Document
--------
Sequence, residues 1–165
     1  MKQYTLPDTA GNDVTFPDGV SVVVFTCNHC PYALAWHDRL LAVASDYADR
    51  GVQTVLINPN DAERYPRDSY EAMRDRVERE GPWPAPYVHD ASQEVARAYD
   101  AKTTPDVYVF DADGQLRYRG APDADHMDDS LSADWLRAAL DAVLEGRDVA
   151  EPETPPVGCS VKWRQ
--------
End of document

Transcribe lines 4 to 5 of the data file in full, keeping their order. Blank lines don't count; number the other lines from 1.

   101  AKTTPDVYVF DADGQLRYRG APDADHMDDS LSADWLRAAL DAVLEGRDVA
   151  EPETPPVGCS VKWRQ